The operator of a CCTV surveillance system may release digital images if so required by a court order. In the absence of a court order, the operator shall be required to carefully weigh up the circumstances before releasing the images. He may be held responsible for having acted unlawfully.
The operator of a CCTV system who receives a request from a law enforcement agency to provide access to digital recordings for use in criminal proceedings is entitled to release the images if the request is backed by a court order. If the law enforcement agency requesting the video footage is not acting within the context of criminal proceedings, a court order may not be required providing an overriding public interest is involved. It is up to the operator of the CCTV system to weigh up the different interests and to decide whether or not such a public interest exists. Such a step may sometimes be extremely delicate. However, the following principles should always apply, whatever the circumstances:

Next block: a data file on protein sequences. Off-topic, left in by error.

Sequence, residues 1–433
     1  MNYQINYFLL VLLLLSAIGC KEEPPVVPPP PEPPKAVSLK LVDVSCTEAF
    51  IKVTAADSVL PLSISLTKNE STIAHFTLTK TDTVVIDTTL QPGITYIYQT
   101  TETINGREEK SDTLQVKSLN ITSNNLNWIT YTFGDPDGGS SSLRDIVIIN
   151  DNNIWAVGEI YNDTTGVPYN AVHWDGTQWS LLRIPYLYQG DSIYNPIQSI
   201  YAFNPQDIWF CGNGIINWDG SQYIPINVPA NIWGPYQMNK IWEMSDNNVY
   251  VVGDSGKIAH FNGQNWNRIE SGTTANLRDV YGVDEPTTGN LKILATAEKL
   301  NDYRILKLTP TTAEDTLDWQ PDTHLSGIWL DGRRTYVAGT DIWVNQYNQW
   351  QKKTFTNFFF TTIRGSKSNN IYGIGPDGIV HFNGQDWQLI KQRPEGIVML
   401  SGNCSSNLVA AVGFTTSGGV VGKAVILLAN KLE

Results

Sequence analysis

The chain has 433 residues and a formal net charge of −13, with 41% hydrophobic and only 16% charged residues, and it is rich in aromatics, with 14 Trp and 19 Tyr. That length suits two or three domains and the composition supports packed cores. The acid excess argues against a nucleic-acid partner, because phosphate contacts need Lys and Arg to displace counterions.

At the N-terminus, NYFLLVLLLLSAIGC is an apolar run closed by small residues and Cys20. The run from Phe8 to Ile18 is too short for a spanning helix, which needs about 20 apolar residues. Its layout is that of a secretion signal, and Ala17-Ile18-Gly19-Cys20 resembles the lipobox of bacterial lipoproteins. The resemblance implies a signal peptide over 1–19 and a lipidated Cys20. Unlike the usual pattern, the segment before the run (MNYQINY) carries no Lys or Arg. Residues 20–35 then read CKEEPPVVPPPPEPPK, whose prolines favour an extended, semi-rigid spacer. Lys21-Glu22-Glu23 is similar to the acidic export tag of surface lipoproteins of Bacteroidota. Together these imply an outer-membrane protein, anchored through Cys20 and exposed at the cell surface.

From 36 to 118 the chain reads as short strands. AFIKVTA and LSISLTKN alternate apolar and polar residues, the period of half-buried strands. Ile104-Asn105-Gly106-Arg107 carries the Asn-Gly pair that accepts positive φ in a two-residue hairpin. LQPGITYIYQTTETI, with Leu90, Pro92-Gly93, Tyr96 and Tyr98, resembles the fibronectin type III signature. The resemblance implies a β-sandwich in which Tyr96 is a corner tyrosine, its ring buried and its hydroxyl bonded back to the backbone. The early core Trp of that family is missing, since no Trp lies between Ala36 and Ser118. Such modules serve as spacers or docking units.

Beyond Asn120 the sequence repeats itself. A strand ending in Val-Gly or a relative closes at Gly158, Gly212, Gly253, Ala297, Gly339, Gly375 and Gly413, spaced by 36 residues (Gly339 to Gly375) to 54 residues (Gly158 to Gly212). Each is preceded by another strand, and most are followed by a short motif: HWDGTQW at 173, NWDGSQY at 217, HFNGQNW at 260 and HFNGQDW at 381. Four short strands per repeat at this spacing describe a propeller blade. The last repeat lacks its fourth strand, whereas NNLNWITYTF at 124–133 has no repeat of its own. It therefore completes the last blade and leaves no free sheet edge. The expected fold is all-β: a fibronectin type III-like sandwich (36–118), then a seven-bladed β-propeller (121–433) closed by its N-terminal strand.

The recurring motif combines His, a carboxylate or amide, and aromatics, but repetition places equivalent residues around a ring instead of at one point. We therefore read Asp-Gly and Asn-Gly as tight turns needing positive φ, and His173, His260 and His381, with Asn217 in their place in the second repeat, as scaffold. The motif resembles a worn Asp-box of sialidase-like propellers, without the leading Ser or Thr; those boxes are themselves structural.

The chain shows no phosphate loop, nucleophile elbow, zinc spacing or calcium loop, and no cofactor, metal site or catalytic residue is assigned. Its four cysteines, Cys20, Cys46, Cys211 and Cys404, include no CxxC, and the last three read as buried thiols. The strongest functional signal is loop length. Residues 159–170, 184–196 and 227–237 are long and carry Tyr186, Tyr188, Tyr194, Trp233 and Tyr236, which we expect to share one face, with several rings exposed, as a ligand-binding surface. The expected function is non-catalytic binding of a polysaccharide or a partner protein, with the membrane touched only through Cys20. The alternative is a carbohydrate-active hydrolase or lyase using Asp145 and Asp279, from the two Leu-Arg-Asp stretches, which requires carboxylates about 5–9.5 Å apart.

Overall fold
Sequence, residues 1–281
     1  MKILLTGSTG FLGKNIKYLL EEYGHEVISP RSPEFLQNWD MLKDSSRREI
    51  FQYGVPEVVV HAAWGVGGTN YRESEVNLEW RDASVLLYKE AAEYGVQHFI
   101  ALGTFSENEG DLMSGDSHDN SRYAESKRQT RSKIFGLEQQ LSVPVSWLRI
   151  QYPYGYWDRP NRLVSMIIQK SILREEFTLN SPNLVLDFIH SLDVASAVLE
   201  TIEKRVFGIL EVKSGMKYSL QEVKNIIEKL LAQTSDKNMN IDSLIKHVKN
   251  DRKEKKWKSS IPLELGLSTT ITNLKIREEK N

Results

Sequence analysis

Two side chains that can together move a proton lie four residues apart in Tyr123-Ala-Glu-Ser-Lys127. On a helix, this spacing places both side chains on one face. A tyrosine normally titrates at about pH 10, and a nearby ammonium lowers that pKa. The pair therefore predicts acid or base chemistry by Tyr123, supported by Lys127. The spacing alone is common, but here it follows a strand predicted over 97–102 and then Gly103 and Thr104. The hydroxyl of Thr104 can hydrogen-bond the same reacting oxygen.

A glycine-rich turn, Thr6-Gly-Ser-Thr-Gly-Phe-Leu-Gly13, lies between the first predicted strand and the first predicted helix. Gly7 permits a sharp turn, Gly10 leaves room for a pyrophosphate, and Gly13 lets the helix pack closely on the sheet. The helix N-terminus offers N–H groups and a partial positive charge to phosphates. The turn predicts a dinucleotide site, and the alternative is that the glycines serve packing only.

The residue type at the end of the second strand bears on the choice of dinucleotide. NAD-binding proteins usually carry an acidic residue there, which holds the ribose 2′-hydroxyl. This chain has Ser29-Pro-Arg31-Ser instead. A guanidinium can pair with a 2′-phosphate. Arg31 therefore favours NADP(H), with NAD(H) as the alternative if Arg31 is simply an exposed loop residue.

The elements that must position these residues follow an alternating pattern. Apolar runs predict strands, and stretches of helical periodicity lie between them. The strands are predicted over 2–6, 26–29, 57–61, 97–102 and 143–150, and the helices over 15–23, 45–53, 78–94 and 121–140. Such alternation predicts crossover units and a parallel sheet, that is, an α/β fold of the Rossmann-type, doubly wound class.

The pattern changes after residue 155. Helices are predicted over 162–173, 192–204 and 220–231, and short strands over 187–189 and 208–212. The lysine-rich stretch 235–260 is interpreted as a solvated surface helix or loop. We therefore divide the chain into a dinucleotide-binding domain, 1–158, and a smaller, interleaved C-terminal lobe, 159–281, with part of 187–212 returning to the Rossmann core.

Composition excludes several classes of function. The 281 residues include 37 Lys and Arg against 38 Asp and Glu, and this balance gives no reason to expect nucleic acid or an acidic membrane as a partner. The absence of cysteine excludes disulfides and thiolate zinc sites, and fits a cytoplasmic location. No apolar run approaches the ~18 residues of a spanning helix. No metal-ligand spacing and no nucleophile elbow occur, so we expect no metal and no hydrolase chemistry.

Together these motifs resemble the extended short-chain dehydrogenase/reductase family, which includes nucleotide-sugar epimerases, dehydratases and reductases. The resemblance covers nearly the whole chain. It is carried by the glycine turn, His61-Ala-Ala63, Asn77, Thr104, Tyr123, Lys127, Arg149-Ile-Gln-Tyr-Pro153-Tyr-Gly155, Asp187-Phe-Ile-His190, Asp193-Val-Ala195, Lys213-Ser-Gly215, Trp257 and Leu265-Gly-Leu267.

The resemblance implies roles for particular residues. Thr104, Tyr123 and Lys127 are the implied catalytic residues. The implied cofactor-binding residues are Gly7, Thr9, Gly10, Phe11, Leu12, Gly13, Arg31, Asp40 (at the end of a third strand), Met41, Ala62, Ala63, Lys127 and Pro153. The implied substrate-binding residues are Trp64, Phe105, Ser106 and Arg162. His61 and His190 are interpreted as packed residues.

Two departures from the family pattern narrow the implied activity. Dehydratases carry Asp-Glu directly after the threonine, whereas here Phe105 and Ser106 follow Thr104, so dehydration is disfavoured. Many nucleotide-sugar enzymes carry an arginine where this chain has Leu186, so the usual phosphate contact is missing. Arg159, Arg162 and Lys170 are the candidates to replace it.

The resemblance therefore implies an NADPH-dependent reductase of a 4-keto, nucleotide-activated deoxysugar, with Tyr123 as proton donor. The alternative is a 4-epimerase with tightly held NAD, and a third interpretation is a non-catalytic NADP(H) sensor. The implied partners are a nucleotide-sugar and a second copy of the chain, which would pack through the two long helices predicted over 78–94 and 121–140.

- Check who asked for the video images to be released. Unless there is a court order, images may only be transferred to the prosecution services. If the request emanates from another authority or a private individual, it must be accompanied by a court order.
- The operator should then check the reason why the images have been requested. The request for release should always be made in writing and it should be substantiated. If there is no court order, images should only be released if fundamental interests are at stake. Unsubstantiated requests or requests for trifling matters should be rejected out of hand. Since the operator may be held liable for releasing video footage without a court order or in the absence of an overriding interest, he should, if there is any doubt, ask for a court order to be provided.
- If the operator of a CCTV surveillance system deems that releasing the footage is justified, he must go through the recordings and filter out the images that are relevant to the request. Only these images may be released.